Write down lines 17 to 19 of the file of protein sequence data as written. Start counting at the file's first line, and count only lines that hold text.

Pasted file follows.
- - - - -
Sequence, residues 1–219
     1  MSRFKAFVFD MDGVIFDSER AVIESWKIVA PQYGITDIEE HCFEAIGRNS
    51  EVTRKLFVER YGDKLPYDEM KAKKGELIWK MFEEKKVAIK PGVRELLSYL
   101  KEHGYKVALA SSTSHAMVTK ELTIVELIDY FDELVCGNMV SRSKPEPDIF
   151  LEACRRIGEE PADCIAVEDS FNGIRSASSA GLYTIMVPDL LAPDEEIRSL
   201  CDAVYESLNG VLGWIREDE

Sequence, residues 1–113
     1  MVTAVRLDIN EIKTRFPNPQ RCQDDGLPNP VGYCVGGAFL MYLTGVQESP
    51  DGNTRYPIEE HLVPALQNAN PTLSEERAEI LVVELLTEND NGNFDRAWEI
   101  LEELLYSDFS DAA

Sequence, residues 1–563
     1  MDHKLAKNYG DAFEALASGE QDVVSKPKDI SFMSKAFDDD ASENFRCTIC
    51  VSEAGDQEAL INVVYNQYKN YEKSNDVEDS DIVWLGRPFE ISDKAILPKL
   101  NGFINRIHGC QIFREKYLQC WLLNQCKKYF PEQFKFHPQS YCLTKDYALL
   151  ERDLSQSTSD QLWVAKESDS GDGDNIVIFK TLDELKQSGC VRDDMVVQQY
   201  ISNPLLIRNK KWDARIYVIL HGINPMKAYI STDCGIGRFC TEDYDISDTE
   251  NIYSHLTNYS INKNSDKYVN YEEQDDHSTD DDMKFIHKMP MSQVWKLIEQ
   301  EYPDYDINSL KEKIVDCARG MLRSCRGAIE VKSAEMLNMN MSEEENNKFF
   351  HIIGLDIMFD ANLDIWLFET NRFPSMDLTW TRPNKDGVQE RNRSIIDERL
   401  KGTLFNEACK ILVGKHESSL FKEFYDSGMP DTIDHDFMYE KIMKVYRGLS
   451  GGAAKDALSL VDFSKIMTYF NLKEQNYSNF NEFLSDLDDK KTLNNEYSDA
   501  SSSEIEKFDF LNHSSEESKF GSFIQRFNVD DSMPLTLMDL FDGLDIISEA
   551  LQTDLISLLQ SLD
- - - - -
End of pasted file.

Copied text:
   251  NIYSHLTNYS INKNSDKYVN YEEQDDHSTD DDMKFIHKMP MSQVWKLIEQ
   301  EYPDYDINSL KEKIVDCARG MLRSCRGAIE VKSAEMLNMN MSEEENNKFF
   351  HIIGLDIMFD ANLDIWLFET NRFPSMDLTW TRPNKDGVQE RNRSIIDERL